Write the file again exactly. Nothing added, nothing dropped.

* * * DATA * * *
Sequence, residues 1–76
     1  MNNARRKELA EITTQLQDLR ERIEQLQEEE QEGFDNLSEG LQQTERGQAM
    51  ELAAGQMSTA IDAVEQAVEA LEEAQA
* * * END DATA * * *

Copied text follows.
Sequence, residues 1–76
     1  MNNARRKELA EITTQLQDLR ERIEQLQEEE QEGFDNLSEG LQQTERGQAM
    51  ELAAGQMSTA IDAVEQAVEA LEEAQA